Fleeing is the first strategy when facing a threat. Horses seldom gallop in nature except when fleeing from a predator.

Flight is the primary strategy animals use in the face of a threat. This behavior is associated mainly with the sympathetic nervous system, which mobilizes the organism for the so-called fight-or-flight response originally described by Cannon. While flight is an active coping strategy when facing danger, freezing (immobilization) and hiding are passive coping strategies. Depending on species, such a strategy is the next-best option to flight. Animals freeze and hide when escape is impossible. Freezing implies an inhibitory activity in the autonomic system (hypotension, bradycardia), formerly described by Engel and Schmale as a conservation-withdrawal strategy.

Thanatosis, or tonic immobility, is an extreme form of freezing behavior. For example, white-tailed deer fawns (Odocoileus virginianus) can lower their heart rate to 38 beats per minute (from about 155) for up to two minutes.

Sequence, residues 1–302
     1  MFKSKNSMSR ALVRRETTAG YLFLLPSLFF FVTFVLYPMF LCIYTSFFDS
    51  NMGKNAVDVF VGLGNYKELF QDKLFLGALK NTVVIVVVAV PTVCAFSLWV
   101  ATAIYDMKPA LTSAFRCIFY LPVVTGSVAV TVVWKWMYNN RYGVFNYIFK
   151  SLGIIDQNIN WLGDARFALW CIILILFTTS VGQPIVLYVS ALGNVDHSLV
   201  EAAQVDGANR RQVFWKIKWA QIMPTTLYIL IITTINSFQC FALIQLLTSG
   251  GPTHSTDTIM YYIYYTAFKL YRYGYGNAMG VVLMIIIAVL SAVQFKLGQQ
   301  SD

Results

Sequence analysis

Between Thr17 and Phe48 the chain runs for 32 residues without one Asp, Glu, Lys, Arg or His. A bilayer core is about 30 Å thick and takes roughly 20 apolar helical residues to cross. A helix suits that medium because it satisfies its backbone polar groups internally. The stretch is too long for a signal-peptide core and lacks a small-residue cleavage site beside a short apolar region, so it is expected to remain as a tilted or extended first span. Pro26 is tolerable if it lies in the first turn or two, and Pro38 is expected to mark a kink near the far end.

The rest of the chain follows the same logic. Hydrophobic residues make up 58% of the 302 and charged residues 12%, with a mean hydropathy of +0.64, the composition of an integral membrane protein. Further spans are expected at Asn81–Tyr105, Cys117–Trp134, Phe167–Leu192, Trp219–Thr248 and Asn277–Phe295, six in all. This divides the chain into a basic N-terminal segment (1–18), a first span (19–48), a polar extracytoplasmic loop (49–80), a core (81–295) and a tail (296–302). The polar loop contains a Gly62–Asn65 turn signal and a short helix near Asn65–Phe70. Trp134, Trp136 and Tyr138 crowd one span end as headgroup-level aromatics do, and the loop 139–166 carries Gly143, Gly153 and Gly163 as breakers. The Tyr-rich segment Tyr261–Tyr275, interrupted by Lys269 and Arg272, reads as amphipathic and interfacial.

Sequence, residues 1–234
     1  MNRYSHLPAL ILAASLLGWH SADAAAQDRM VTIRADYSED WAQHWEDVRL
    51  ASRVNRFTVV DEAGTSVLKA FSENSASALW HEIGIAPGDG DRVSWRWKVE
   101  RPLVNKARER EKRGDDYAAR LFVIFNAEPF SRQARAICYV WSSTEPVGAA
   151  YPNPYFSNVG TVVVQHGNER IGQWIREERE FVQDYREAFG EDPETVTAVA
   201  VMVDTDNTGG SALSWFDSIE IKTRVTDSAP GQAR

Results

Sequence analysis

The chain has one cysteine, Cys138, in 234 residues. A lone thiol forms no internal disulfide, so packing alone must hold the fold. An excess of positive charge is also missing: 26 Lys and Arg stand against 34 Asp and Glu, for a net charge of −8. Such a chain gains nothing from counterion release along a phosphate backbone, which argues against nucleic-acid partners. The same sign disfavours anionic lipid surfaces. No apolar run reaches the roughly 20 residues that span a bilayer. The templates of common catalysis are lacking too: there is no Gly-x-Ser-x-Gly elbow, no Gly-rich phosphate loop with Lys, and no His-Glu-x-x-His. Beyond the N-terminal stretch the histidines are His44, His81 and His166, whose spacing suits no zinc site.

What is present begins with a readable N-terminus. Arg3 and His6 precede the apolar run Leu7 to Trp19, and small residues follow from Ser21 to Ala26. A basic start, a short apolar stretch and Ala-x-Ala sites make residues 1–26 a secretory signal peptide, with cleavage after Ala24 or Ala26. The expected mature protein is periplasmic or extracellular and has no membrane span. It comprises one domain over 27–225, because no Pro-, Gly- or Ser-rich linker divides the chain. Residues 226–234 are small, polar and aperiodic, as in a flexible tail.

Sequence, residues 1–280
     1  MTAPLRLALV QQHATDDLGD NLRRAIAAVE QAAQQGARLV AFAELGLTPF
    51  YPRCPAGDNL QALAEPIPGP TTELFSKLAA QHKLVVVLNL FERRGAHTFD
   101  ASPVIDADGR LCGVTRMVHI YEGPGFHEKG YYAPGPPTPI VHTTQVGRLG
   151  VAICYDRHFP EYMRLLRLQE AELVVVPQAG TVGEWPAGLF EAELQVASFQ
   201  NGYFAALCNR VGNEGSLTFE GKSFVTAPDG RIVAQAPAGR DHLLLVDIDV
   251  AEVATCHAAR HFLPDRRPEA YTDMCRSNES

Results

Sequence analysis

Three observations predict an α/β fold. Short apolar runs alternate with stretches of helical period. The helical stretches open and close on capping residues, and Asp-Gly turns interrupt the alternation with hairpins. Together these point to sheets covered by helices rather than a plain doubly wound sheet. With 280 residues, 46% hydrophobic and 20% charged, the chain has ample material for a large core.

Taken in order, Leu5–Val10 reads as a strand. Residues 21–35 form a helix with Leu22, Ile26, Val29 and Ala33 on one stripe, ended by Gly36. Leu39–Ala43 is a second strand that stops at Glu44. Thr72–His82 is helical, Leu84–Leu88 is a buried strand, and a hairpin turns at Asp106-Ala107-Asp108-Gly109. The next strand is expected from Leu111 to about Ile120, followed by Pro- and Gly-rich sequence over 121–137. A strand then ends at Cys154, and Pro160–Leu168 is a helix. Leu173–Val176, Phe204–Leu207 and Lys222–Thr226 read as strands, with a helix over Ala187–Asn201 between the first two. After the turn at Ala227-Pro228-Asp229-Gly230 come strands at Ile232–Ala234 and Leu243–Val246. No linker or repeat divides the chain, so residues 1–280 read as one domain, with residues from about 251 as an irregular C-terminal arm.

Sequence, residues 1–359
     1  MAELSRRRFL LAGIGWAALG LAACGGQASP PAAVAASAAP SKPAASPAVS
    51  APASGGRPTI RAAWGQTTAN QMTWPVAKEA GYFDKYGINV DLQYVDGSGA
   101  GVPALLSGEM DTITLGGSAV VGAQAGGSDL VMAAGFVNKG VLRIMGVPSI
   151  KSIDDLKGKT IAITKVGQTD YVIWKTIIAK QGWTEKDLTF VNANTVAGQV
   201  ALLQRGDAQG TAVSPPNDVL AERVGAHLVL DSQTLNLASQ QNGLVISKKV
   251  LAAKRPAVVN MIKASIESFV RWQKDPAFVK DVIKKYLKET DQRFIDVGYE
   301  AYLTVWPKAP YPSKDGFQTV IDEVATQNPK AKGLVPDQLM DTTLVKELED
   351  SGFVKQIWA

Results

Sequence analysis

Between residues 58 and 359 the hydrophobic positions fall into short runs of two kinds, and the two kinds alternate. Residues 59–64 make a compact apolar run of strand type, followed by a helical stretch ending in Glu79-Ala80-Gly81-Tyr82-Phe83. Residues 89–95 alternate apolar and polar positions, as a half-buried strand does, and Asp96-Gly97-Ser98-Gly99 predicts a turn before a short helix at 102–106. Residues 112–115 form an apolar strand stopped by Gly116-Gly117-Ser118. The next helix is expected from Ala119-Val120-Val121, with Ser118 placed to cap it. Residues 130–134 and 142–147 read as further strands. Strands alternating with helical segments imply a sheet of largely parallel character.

Whether an animal has a preference for an active or a passive defense strategy is not solely a question of context. Research shows that some animals do prefer one strategy rather than the other. In exactly the same situation, two animals may respond differently. The interesting point is that these patterns, both behavioral and neuro-endocrinal, seem to be consistent. Some researchers suggest that this may explain why some individuals are more resistant to stress and stress-induced malfunctions than others. Researchers found the tendency to react one way rather than the other to run in families, suggesting a genetic component. The experiments were conducted with rats and mice, but we have no reason to suspect that studies of other species would not yield the same results.